The following regex

var patt1=/[0-9a-z]+$/i;

extracts the file extension of strings such as


How to modify this regular expression to only return an extension when string really is a filename with one dot as separator ? (Obviously filename#gif is not a regular filename)

UPDATE Based on tvanofsson's comments I would like to clarify that when the JS function receives the string, the string will already contain a filename without spaces without the dots and other special characters (it will actually be handled a slug). The problem was not in parsing filenames but in incorrectly parsing slugs - the function was returning an extension of "jpg" when it was given "filename-jpg" when it should really return null or empty string and it is this behaviour that needed to be corrected.

  • 3
    Does the regex have to determine if the filename is a legal filename? What defines a legal filename? What defines a legal filename extension? For example, is foo bar.zi_ a legal filename? How about foo.bar.zi_? – tvanfosson Jul 5 '11 at 12:06
  • The typical OS filename..your example with space in it cannot happen in our system and the answer provided by @stema seems to work with double extensions so it's good enough for me. – mare Jul 5 '11 at 12:11
  • 1
    Both examples are legal file names in Unix and Windows. Your question could be improved by detailing exactly what you consider to be a legal filename. It will make the answers, esp. the accepted answer more meaningful to future readers who may be looking to solve the same or a similar problem. – tvanfosson Jul 5 '11 at 12:39

Just add a . to the regex

var patt1=/\.[0-9a-z]+$/i;

Because the dot is a special character in regex you need to escape it to match it literally: \..

Your pattern will now match any string that ends with a dot followed by at least one character from [0-9a-z].


].forEach( t => 

if you want to limit the extension to a certain amount of characters also, than you need to replace the +

var patt1=/\.[0-9a-z]{1,5}$/i;

would allow at least 1 and at most 5 characters after the dot.

| improve this answer | |
  • what if I don't need the dot in my match and just the extension only? – user2727195 Sep 30 '16 at 22:38
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    @user2727195 Without the dot, you're not matching an extension. If you mean... how do you use only the resulting text, then you could use substring, like so: ( ("file.ext").match(patt1) || '').substring(1); – Armstrongest Oct 5 '16 at 15:59
  • also fails for .tar.gz extension – Ravi Teja Feb 18 at 9:40


var patt1 = /\.([0-9a-z]+)(?:[\?#]|$)/i;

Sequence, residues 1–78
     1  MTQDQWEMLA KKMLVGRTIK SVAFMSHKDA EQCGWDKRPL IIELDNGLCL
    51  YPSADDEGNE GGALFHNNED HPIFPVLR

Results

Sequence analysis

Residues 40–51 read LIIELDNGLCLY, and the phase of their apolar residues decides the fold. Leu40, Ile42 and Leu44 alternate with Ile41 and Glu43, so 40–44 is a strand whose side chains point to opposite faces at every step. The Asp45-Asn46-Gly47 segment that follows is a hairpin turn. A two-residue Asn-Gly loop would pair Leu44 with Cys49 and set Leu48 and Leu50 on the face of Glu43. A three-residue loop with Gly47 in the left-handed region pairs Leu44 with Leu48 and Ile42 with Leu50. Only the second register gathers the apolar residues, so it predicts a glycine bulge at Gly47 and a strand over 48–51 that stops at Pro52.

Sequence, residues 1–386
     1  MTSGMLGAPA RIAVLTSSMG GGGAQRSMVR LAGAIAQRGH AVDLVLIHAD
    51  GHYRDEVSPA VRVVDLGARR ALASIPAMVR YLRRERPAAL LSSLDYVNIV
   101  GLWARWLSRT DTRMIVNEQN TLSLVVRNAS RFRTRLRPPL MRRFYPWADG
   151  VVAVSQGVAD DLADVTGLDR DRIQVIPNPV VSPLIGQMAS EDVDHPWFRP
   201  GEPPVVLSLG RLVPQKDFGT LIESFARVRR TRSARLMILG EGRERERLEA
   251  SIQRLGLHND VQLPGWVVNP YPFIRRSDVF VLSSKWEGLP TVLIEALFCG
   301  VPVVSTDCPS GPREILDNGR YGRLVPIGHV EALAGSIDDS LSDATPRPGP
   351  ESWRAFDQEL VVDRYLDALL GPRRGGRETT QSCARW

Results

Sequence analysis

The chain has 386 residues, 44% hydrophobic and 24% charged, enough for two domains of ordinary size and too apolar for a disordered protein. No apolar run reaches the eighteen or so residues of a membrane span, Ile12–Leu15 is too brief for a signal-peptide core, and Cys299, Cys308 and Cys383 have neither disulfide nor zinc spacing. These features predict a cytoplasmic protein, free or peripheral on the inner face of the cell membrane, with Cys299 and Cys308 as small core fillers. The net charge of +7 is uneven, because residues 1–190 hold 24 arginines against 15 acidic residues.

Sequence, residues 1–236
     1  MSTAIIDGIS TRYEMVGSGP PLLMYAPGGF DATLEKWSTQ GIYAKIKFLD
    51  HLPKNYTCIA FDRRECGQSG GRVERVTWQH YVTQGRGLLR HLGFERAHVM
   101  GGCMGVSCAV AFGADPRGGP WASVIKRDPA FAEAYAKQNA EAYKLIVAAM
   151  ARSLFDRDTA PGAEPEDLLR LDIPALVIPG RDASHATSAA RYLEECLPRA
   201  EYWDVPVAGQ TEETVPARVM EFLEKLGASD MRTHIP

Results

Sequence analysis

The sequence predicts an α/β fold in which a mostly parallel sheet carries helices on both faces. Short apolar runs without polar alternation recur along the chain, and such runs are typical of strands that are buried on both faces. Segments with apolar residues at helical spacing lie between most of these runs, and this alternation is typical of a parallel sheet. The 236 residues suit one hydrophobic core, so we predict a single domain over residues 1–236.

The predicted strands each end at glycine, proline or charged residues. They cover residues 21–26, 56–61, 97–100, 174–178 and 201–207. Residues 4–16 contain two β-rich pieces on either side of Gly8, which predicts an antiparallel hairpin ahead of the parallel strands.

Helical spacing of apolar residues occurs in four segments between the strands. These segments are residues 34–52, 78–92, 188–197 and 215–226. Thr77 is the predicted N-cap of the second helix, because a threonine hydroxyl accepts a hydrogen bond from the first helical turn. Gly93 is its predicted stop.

This RegExp is useful for extracting file extensions from URLs - even ones that have ?foo=1 query strings and #hash endings.

It will also provide you with the extension as $1.

var m1 = ("filename-jpg").match(patt1);
alert(m1);  // null

var m2 = ("filename#gif").match(patt1);
alert(m2);  // null

var m3 = ("filename.png").match(patt1);
alert(m3);  // [".png", "png"]

var m4 = ("filename.txt?foo=1").match(patt1);
alert(m4);  // [".txt?", "txt"]

var m5 = ("filename.html#hash").match(patt1);
alert(m5);  // [".html#", "html"]

P.S. +1 for @stema who offers pretty good advice on some of the RegExp syntax basics involved.

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Example list:

var fileExtensionPattern = /\.([0-9a-z]+)(?=[?#])|(\.)(?:[\w]+)$/gmi
//regex flags -- Global, Multiline, Insensitive

var ma1 = 'css/global.css?v=1.2'.match(fileExtensionPattern)[0];
// returns .css

var ma2 = 'index.html?a=param'.match(fileExtensionPattern)[0];
// returns .html

var ma3 = 'default.aspx?'.match(fileExtensionPattern)[0];
// returns .aspx

var ma4 = 'pages.jsp#firstTab'.match(fileExtensionPattern)[0];
// returns .jsp

var ma5 = 'jquery.min.js'.match(fileExtensionPattern)[0];
// returns .js

var ma6 = 'file.123'.match(fileExtensionPattern)[0];
// returns .123

Test page.

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let ext = (filename.match(/\.([^.]*?)(?=\?|#|$)/) || [])[1] 

above solution include links. Egzamples (filename -> ext):

// "abcd.Ef1"               -> "Ef1"
// "abcd.efg"               -> "efg"
// "abcd.efg?aaa&a?a=b#cb"  -> "efg"
// "abcd.efg#aaa__aa?bb"    -> "efg"
// "abcd"                   -> undefined
// "abcdefg?aaa&aa=bb"      -> undefined
// "abcdefg#aaa__bb"        -> undefined

It takes everything between last dot and first "?" or "#" char or string end. To ignore "?" and "#" characters use /\.([^.]*)$/. To ignore only "#" use /\.([^.]*?)(?=\?|$)/.

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